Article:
Saturday Will Be the Best Day Ever if You Love Pizza (But Only if You Live in Chicago)

Posted: 17 Oct 2014 09:59 AM PDT

Great news: on Saturday, you can get a whole lot of Domino’s pizza for super-duper cheap. Sadly, though, this comes with a few caveats. First, this only applies if you will be in the Chicago area, and second, the deal only lasts from noon to 1:40 p.m.

The chain is offering one-topping medium pies for $1 to celebrate the grand opening of its 100th Chicago location, the Chicago Tribune reports. (That means each pizza costs 100 cents and the deal is available for just 100 minutes. Get it?) Oh, another caveat: there’s a limit of five per customer, but that feels pretty reasonable.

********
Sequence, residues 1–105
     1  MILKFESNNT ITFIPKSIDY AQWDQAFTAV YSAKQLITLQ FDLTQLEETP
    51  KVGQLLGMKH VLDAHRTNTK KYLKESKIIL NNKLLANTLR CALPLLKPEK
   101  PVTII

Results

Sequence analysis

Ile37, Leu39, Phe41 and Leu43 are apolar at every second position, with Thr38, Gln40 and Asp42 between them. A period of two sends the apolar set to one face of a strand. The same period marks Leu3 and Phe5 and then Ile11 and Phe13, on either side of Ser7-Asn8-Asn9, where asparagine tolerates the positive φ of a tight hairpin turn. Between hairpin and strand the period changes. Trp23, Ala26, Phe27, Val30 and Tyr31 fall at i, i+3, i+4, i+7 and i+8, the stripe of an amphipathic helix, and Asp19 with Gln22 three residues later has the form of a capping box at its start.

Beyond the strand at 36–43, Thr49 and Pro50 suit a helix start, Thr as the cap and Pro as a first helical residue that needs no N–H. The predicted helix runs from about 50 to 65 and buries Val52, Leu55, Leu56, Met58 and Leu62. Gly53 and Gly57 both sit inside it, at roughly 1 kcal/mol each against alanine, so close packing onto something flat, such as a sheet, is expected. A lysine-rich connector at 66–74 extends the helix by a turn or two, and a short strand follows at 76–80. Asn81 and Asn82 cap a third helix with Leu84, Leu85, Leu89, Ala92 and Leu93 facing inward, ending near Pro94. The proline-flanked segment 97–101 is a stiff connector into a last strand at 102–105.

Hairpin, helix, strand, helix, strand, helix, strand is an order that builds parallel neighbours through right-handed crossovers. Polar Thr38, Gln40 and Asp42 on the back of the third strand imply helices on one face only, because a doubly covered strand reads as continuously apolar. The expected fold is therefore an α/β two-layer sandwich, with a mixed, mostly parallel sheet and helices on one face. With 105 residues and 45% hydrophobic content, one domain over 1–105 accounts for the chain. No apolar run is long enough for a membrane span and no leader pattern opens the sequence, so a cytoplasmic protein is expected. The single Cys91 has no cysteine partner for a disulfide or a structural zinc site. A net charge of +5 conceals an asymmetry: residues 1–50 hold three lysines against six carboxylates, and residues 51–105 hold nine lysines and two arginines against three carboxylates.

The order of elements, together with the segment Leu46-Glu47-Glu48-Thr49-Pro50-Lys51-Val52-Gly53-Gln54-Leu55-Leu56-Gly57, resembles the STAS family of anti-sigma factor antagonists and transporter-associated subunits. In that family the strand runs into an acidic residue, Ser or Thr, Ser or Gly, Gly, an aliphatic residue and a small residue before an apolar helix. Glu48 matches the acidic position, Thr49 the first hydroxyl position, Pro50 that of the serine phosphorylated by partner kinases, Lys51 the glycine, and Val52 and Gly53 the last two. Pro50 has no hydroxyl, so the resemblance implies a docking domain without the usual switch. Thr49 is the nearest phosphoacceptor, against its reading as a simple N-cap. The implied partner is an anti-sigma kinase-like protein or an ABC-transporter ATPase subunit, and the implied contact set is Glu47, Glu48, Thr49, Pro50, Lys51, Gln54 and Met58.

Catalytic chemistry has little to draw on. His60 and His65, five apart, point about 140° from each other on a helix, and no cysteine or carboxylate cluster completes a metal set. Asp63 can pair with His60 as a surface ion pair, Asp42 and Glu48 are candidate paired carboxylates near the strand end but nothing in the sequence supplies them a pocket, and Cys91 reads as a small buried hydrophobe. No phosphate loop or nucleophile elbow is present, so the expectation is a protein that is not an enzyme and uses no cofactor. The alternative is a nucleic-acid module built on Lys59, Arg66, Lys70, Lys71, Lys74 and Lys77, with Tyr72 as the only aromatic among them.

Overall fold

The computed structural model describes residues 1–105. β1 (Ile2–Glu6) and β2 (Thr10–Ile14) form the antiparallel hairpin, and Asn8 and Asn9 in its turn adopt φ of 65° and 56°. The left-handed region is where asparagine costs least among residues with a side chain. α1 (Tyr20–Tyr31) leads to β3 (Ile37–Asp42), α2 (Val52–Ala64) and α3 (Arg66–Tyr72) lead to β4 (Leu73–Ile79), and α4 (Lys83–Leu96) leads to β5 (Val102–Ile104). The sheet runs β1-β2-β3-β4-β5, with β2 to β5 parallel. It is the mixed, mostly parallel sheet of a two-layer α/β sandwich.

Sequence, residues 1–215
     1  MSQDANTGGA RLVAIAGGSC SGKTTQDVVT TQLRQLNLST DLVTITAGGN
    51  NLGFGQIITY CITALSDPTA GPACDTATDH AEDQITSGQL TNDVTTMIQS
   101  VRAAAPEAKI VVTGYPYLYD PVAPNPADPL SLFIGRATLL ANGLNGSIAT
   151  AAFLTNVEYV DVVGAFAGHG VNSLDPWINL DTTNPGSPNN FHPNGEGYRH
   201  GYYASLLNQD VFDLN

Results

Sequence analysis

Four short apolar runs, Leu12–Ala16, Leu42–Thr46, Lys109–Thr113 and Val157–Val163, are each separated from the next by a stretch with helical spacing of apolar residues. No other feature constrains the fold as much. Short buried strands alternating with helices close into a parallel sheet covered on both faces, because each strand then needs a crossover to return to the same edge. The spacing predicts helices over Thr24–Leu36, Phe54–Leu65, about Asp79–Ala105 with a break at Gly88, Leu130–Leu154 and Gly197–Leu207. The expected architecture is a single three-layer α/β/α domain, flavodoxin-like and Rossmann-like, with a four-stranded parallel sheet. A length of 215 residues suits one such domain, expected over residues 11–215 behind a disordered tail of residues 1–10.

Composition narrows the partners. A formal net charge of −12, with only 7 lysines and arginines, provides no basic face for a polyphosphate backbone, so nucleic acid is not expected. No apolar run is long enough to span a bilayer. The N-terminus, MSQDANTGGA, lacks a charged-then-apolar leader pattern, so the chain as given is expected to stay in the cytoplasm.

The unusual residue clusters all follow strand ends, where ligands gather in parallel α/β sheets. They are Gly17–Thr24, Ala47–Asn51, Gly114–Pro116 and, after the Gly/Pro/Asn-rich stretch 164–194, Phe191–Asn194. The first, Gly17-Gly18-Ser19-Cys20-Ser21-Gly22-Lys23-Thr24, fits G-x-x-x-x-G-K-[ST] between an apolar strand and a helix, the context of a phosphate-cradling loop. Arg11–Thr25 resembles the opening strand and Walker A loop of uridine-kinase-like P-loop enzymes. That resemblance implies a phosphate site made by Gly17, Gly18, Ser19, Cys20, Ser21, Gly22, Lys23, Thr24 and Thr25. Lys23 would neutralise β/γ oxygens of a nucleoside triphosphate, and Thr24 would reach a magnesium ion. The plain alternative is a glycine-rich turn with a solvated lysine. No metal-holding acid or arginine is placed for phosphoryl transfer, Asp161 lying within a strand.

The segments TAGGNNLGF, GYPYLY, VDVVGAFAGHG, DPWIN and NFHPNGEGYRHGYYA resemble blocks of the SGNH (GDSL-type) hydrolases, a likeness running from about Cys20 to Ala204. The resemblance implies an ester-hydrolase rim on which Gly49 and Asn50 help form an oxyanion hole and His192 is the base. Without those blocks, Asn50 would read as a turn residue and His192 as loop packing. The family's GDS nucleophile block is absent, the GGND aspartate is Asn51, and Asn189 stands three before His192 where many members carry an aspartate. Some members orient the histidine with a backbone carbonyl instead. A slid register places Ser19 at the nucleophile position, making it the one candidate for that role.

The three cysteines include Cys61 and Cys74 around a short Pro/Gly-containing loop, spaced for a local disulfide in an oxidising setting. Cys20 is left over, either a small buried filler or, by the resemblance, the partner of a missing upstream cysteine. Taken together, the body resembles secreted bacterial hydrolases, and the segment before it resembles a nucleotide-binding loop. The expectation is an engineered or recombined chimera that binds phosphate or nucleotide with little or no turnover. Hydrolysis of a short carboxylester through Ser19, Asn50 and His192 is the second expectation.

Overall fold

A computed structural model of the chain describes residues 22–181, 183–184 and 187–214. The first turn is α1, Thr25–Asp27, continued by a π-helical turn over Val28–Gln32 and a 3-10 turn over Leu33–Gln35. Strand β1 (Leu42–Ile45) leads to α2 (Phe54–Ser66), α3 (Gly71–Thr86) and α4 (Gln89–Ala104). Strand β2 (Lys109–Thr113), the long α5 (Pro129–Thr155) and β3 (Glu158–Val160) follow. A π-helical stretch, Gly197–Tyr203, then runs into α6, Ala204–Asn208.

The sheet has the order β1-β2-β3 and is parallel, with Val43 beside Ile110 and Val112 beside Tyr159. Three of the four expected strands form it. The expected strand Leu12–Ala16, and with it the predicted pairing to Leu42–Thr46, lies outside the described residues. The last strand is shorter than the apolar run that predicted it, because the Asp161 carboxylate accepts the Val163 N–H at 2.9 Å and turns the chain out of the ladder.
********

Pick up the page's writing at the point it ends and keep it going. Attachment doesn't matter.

Nurse Infected With Ebola in Dallas Now Being Treated in Maryland

Posted: 17 Oct 2014 09:46 AM PDT

Nina Pham, the first person to be infected with Ebola in the U.S., arrived at the National Institutes of Health Special Clinical Studies Unit in Maryland just before midnight Thursday evening, the NIH said Friday.

Dr. Anthony Fauci, director of the NIH’s National Institute of Allergy and Infectious Diseases (NIAID), and Dr. Rick Davey, deputy director of NIAID’s division of clinical research, said Pham was in fair condition and resting comfortably. Davey will be the physician overseeing Pham’s care.

Fauci said that from the time when Liberian Ebola patient Thomas Eric Duncan became the first person diagnosed with the disease in the U.S., “we made very clear that we could make the highly specialized facility available if called upon. We were called upon to accept Nina and we did.”